“The VA has a long history of research and treatment of veterans with substance abuse disorders,” Worchel said. “This resource will have a direct benefit for treatment of veterans and all patients with substance abuse. This machine, in concert with the strong genetic and animal research UT has, will put us in the forefront of drug demand research.”
The imaging machine should strengthen the university’s collaborative research and educational programs with other southwestern research-oriented educational institutions, including the University of Texas Medical Branch (UTMB) at Galveston. UTMB faculty members have extensive experience in neuroimaging, especially in basic research conducted at the UTMB Hall Magnet Facility. The opportunity to engage in collaborative studies of high resolution imaging of the human nervous system will be important to faculty at The University of Texas at Austin, UTMB and CTVHCS.
CTAC’s program provides the world’s most advanced brain imaging machines in exchange for a commitment from research institutions to devote significant time on the machines to drug abuse research, Brandenstein said.
“As part of the exchange,” Brandenstein said, “the research centers are training the next generation of medical researchers in this field which traditionally has not attracted much interest from bright young minds because of the stigma attached to drugs and the low priority given to it by the pharmaceutical industry.”
The principal investigators of the project are Fossum and Dr. Adron Harris, director of the Waggoner Center for Alcohol and Addiction Research.
FMRI is a noninvasive technology that can be used to study anatomy, function and neurochemistry in alert human and animal subjects. It creates three-dimensional, high-resolution pictures of the body through the use of a magnetic field. This scanner is 3.0 Tesla in strength, which means that it is 70,000 times more powerful than the earth’s magnetic field.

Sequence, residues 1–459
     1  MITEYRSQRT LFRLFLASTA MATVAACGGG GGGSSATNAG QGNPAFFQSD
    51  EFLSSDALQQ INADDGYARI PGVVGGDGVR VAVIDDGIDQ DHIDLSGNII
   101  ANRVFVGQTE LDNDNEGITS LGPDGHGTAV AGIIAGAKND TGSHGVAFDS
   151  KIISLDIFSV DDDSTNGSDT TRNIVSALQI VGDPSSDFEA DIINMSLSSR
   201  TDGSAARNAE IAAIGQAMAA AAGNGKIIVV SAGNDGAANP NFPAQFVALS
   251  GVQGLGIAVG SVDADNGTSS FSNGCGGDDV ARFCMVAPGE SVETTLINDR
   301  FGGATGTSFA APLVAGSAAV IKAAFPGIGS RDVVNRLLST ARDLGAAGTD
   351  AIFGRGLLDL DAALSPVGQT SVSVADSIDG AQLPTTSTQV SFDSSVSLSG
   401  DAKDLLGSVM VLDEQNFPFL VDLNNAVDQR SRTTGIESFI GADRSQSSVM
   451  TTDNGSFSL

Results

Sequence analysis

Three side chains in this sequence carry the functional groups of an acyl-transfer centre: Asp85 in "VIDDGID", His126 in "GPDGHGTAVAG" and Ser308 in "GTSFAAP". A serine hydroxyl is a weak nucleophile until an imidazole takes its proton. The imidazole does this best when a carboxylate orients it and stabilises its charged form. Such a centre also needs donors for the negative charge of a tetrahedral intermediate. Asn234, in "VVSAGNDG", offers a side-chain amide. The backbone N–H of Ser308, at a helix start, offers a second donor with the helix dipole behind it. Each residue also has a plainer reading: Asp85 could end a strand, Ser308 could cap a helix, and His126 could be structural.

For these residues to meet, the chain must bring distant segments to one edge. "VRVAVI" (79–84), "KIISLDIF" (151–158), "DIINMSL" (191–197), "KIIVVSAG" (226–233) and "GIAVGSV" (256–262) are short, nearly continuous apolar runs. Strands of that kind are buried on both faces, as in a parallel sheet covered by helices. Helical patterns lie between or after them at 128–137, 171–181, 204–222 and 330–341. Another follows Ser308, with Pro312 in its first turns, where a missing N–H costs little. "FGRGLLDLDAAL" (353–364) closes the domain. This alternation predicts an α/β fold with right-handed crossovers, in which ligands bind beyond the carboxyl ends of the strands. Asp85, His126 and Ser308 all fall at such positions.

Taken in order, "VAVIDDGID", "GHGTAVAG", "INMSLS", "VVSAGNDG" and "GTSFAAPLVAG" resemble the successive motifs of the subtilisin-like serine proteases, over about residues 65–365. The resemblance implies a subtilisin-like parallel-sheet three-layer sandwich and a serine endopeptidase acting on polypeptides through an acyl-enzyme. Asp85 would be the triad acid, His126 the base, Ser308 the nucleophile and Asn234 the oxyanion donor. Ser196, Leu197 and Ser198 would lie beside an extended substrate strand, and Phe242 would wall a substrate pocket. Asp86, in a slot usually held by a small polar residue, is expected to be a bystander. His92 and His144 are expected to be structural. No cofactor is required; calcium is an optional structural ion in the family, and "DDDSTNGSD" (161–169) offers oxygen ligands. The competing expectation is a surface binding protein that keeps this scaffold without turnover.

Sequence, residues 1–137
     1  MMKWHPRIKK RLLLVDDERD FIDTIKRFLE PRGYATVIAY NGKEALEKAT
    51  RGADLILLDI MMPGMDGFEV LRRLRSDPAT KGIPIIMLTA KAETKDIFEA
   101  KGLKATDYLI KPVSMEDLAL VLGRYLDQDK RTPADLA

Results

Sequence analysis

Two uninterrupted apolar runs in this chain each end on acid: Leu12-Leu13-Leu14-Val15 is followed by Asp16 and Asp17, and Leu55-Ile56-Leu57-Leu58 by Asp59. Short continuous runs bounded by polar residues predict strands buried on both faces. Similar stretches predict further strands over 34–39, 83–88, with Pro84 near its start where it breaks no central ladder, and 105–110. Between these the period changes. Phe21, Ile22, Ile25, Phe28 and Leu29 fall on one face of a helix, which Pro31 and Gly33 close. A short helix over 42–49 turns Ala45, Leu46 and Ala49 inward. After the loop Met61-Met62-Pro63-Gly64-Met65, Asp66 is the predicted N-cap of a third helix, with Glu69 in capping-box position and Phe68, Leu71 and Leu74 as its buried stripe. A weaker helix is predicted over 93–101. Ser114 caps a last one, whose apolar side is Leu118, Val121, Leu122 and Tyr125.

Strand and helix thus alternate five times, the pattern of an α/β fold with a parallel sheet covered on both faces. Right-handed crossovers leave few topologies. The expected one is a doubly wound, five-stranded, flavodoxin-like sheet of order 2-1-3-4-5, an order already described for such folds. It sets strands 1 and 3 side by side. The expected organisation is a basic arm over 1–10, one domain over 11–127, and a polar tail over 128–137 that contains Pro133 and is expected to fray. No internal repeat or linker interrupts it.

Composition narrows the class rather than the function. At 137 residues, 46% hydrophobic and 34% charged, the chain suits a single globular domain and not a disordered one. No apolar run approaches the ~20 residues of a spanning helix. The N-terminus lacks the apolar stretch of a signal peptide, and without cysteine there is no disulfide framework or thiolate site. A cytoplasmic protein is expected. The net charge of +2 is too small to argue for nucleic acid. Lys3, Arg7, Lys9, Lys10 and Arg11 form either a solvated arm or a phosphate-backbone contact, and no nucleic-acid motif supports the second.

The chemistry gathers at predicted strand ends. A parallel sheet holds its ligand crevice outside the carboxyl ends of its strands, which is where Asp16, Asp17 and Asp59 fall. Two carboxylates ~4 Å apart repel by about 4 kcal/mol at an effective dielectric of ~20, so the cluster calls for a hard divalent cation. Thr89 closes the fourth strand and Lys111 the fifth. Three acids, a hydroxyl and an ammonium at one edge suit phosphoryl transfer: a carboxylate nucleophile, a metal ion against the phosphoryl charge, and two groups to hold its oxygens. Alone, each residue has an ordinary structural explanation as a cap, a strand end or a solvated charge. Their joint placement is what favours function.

In terms of addiction, the fMRI “shows how a drug has caused the brain to be rewired or corrupted,” Harris said. “A critical part of both of those is the ability to study brain function in living humans and animals noninvasively. This has been a large gap in the capabilities on this campus having no imaging facility.”
Worchel said neural circuitry related to addiction has common elements with other neurological and psychiatric disorders.
“If we understand the mechanisms which lead to addiction,” he said, “we will also gain invaluable new knowledge into other disorders and into the inter-relationship between brain function, psychology and other physiological systems such as cardiovascular and immunology.”
Other institutions that have procured imaging equipment through the CTAC program include McLean Hospital, a psychiatric teaching facility of Harvard Medical School; Oregon Health and Science University in Portland; Massachusetts General Hospital in Boston, Mass.; and the University of Colorado Health Sciences Center in Denver.
The network of collaborating brain imaging centers is to build a database of information about addiction that can be shared, increasing the pace of scientific advancements.
The U.S. government is spending nearly $12 billion a year on treating and preventing drug abuse and interdicting illicit drugs.
For more information contact: Tim Green, Office of the Vice President for Research, 512-232-6391.